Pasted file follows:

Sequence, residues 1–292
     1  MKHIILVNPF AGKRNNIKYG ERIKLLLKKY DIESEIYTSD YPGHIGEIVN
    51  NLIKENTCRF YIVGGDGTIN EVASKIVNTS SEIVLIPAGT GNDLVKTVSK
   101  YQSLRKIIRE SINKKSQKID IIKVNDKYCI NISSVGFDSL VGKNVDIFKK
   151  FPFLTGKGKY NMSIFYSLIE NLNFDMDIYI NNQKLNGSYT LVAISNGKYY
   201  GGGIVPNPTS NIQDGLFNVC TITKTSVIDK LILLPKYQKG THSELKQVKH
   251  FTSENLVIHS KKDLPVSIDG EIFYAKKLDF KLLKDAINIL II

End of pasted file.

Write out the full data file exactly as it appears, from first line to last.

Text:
Sequence, residues 1–292
     1  MKHIILVNPF AGKRNNIKYG ERIKLLLKKY DIESEIYTSD YPGHIGEIVN
    51  NLIKENTCRF YIVGGDGTIN EVASKIVNTS SEIVLIPAGT GNDLVKTVSK
   101  YQSLRKIIRE SINKKSQKID IIKVNDKYCI NISSVGFDSL VGKNVDIFKK
   151  FPFLTGKGKY NMSIFYSLIE NLNFDMDIYI NNQKLNGSYT LVAISNGKYY
   201  GGGIVPNPTS NIQDGLFNVC TITKTSVIDK LILLPKYQKG THSELKQVKH
   251  FTSENLVIHS KKDLPVSIDG EIFYAKKLDF KLLKDAINIL II